analog-digital-large

Paul Hughes of Digital UK (a UK-based organisation set up to provide impartial information on what people need to do to prepare for the move to digital, and when they need to do it) encouraged African countries to start implementing publicity campaigns as soon as possible. He highlighted that alongside the technical aspects, a country will also be judged on perception – what the public think is happening. Their ability to ensure that the right perception on digital broadcast migration is sent out to the public will be critical.

The attractiveness of the content has also been said to be a very vital aspect that could influence the success of digital TV, especially when consumers question the need for digital TV, as well as the affordability.

Already in South Africa, media is quite skeptical because of the ‘lack of communication’ from the Department of Communication. The Department of Communications’ Dr Mashilo Boloka, also present at the DBS Forum said that South Africa’s biggest challenge is affordability of the Set-Op Boxes (STB) which are the devices that will allow for the switch from analogue to digital, especially for households who won’t be able to afford buying HDTV (High Definition TV).

Questions arise around the funding of this technical process by government, as well as assistance (subsidising) of STBs by government, for poorer households. The criteria for identifying the qualifying poor households would also need to be deviced. In the UK, for instance, help schemes have been put in place for vulnerable groups in society. In developing countries however, the extent of vulnerability reaches far and wide.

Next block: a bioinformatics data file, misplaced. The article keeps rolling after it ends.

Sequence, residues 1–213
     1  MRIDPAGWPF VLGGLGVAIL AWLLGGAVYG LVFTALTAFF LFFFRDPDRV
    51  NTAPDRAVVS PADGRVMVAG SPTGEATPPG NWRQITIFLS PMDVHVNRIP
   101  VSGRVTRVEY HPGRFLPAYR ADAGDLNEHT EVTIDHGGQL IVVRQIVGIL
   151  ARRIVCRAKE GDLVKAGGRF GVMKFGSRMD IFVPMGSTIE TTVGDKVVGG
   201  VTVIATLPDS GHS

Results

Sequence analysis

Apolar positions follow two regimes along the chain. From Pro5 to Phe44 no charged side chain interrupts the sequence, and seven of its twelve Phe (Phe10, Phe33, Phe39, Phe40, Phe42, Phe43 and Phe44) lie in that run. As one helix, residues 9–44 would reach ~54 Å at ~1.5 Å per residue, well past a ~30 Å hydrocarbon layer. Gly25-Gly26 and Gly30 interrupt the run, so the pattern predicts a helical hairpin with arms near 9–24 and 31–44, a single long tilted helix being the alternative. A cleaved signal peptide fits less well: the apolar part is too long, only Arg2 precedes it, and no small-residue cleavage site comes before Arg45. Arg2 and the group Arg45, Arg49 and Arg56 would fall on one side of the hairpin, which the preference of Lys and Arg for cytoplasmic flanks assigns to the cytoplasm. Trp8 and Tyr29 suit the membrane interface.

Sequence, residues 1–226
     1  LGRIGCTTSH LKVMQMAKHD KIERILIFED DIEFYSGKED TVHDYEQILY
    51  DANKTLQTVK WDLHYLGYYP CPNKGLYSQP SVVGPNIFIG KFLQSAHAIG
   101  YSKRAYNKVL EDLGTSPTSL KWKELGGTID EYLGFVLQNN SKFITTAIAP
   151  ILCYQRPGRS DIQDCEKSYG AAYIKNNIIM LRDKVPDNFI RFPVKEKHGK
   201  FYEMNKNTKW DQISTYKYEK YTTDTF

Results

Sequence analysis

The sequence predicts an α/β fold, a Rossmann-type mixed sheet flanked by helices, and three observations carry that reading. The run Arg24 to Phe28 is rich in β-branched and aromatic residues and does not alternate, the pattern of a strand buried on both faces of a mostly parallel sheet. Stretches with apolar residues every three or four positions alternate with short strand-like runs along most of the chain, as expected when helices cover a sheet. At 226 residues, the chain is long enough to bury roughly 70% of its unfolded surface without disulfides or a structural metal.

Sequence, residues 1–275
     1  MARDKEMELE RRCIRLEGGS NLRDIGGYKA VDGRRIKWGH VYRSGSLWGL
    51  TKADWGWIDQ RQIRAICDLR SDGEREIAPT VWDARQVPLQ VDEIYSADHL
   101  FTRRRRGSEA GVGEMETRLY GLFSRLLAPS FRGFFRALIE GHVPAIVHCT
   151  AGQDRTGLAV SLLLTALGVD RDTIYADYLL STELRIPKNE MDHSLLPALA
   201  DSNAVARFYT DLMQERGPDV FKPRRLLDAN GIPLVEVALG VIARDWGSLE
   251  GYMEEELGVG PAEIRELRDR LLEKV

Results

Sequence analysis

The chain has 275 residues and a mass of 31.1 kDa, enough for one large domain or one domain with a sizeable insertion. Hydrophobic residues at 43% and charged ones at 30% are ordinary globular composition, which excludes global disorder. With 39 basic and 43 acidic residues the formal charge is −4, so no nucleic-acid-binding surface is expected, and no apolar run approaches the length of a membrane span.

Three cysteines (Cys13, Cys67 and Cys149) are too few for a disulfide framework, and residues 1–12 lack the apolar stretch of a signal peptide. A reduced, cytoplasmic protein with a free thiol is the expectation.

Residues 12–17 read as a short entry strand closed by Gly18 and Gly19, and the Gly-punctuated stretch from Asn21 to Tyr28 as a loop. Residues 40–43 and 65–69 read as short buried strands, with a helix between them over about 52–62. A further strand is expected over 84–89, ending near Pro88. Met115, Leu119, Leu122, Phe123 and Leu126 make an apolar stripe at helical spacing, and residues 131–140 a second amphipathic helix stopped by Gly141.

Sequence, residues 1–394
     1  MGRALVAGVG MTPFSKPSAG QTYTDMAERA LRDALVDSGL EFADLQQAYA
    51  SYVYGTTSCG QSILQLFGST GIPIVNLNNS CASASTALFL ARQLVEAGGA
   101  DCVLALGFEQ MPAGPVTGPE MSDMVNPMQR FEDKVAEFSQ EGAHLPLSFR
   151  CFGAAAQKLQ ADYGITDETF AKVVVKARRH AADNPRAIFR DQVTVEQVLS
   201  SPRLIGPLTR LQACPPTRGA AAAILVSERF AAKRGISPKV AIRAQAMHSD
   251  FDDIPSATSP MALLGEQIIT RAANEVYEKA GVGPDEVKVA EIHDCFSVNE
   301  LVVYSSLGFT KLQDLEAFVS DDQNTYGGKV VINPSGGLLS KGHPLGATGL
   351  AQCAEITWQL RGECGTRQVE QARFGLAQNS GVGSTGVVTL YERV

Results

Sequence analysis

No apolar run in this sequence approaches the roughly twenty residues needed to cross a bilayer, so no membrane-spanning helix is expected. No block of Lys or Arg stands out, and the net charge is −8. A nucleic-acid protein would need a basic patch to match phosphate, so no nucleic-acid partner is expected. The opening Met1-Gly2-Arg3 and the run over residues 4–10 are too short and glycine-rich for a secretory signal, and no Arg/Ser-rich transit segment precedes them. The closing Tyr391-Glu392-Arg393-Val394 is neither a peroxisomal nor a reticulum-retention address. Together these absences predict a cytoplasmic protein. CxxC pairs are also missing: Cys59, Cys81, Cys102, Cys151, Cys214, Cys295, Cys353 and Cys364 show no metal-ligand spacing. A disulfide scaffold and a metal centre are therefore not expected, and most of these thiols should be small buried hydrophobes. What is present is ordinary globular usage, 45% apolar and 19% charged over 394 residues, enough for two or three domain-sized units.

Dr Boloka also mentioned that the challenge with these incentives is the risk they stand of being said (again) to pump large amounts of money into a ‘luxurious’ service like digital TV, at the expense of basic services like health, education etc.

Another challenge the country (most African countries) are faced with is the development of a practical and realistic DTT (digital terrestrial television) roll-out plan – in time for the SADC deadline (December 2013) and the ITU (International Telecommunications Union) deadline (June 2015).

Despite the challenges, the picture is not all too bleak; Dr. Ekwow Spio-Garbrah (CEO of the CTO – Commonwealth Telecommunications Organisation) said that there was great progress made already by African countries and that all this calls for is action.

Thabiso Thukani of Ericsson presented an insightful view of the digital dividend and its potential harmonious relationship with mobile broadband and favourable mobile broadcast. Multichoice and eTV (South Africa) have already started trials in Soweto of DVB – H (digital video broadcast – handheld) or mobile TV.

The future is glaring, switchover deadlines are looming; is Africa ready?

The next Digital Broadcasting Switchover Forum will take place in 2012.

Digital Broadcast terminology/ information and learnings can be found here: http://www.digitag.org/


About the author:

Nonkululeko_Godana

 

Nonkululeko is a journalist, writer, poet, online content manager. She is best known for work as award-winning content producer for Metro FM and Ukhozi FM, as well as for her content work on various digital platforms. She is also a cultural activist and social entrepreneur working on creating bridges between community storytelling and digital space.